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Marie Fleming leaves the Four Courts with her family after the decision last week Sam Boal/Photocall Ireland
Assisted Suicide

'Right to die' challenge to go to the Supreme Court

Marie Fleming, who has multiple sclerosis, is to take her court case to the Supreme Court after she lost a High Court case on the ban on assisted suicide.

MARIE FLEMING, WHO last week lost a High Court case challenging the ban on assisted suicide in Ireland, is to appeal the verdict to the Supreme Court, has learned.

Papers have been lodged in the court and the case is expected to be mentioned tomorrow.

Marie Fleming has multiple sclerosis and is seeking to overturn a law which makes it a criminal offence to assist in a suicide. The 59-year-old former UCD lecturer from Wicklow was diagnosed with MS 27 years ago and wishes to end her own life but is unable to do so without assistance. She told the High Court that her husband had agreed to assist her in ending her life but only if it is legal.

Suicide was decriminalised in Ireland in 1993 but it is still a criminal offence punishable with up to 14 years in prison for helping someone to end their life.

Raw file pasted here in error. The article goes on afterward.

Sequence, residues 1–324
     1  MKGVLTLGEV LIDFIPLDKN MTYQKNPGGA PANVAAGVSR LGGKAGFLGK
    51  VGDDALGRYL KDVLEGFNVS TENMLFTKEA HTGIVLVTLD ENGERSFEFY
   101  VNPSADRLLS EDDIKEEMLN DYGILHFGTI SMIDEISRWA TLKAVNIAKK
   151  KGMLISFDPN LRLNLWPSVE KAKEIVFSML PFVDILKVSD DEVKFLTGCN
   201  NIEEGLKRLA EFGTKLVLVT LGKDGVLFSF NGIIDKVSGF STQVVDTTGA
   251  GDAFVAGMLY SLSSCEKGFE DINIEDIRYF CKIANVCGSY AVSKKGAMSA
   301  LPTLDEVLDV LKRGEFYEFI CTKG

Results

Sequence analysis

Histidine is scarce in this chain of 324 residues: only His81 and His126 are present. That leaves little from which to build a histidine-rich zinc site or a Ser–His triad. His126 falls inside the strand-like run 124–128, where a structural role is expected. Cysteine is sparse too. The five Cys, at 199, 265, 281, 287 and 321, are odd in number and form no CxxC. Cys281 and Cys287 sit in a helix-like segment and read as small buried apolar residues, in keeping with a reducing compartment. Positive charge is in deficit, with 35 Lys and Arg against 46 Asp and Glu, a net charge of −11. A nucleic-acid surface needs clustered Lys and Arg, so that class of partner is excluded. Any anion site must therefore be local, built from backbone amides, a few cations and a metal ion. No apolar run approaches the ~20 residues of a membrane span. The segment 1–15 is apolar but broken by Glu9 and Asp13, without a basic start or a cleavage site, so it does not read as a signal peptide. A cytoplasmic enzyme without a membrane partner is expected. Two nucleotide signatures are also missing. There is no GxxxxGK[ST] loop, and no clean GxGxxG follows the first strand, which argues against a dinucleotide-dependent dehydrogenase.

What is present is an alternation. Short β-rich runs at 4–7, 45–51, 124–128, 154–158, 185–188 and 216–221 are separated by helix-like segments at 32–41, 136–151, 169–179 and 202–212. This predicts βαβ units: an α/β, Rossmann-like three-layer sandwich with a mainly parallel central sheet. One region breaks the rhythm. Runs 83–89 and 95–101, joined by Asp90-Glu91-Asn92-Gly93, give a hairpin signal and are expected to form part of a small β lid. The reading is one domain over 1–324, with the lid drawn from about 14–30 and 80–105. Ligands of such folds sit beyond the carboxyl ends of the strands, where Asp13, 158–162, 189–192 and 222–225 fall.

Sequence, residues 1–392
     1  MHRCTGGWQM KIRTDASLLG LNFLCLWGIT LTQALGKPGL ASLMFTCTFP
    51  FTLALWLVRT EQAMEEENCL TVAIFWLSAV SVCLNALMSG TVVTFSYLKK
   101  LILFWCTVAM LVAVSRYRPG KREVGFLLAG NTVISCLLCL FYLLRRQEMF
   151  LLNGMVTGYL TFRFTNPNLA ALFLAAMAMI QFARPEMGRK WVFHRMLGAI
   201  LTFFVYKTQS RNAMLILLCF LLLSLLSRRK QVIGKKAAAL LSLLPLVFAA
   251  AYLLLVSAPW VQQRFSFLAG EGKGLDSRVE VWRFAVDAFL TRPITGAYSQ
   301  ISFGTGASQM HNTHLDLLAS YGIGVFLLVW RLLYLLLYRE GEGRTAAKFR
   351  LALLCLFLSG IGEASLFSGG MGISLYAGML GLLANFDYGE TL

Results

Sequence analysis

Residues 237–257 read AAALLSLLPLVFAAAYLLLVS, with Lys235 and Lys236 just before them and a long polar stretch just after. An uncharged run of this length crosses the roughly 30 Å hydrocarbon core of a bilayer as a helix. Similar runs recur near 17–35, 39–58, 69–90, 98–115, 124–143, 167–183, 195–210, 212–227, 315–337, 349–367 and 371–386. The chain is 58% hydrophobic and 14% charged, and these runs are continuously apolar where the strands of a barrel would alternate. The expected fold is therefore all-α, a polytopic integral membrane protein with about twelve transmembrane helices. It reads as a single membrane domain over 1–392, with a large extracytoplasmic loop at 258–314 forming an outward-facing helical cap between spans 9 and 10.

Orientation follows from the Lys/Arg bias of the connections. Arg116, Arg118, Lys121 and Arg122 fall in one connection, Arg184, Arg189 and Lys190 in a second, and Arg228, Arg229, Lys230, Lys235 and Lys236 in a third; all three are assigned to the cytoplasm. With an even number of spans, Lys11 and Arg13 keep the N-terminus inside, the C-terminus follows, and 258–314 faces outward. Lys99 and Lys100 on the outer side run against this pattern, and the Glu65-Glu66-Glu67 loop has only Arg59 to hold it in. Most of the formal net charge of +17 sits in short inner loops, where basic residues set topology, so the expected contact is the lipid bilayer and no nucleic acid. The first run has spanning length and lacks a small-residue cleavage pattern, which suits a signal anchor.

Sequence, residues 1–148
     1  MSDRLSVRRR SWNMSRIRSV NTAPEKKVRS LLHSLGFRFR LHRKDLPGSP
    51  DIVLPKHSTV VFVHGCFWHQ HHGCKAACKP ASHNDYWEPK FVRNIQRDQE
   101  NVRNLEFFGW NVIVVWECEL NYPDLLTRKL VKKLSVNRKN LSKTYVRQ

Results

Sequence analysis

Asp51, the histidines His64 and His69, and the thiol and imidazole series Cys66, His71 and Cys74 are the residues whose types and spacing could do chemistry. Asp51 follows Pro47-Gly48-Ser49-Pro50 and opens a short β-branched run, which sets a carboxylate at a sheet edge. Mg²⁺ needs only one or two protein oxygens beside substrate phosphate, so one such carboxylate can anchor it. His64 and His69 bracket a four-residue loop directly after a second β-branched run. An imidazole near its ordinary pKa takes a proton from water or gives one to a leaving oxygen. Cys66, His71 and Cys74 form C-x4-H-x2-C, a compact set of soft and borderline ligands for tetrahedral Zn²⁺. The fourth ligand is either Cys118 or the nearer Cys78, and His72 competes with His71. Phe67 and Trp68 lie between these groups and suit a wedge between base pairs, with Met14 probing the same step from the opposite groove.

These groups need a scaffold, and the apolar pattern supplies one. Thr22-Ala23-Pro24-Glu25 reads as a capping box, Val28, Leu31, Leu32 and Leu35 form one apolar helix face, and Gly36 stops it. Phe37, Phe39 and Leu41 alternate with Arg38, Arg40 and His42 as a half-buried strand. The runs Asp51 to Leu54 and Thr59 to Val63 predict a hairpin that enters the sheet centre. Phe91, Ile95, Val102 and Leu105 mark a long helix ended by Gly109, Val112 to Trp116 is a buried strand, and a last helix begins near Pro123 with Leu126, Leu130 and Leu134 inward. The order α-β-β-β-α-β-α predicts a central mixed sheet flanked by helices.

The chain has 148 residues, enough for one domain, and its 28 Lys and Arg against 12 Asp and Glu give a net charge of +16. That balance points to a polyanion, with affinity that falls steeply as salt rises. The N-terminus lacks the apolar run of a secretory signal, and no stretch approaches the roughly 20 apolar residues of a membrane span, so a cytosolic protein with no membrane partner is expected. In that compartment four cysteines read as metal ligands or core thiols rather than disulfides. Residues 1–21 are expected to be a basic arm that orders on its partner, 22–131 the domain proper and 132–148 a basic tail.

Fleming argued that the current law is invalid under the Constitution and is incompatible with the European Convention on Human Rights.

However in the High Court ruling, High Court president Justice Nicholas Kearns wrote that there is “a profound difference between the law permitting an adult to take their own life on the one hand and sanctioning another to assist that person to that end on the other.”

It is likely that the case will be expedited due to the circumstances and it could be heard before the end of the month.

Read: High Court rejects MS suffer’s challenge in ‘right to die’ case >

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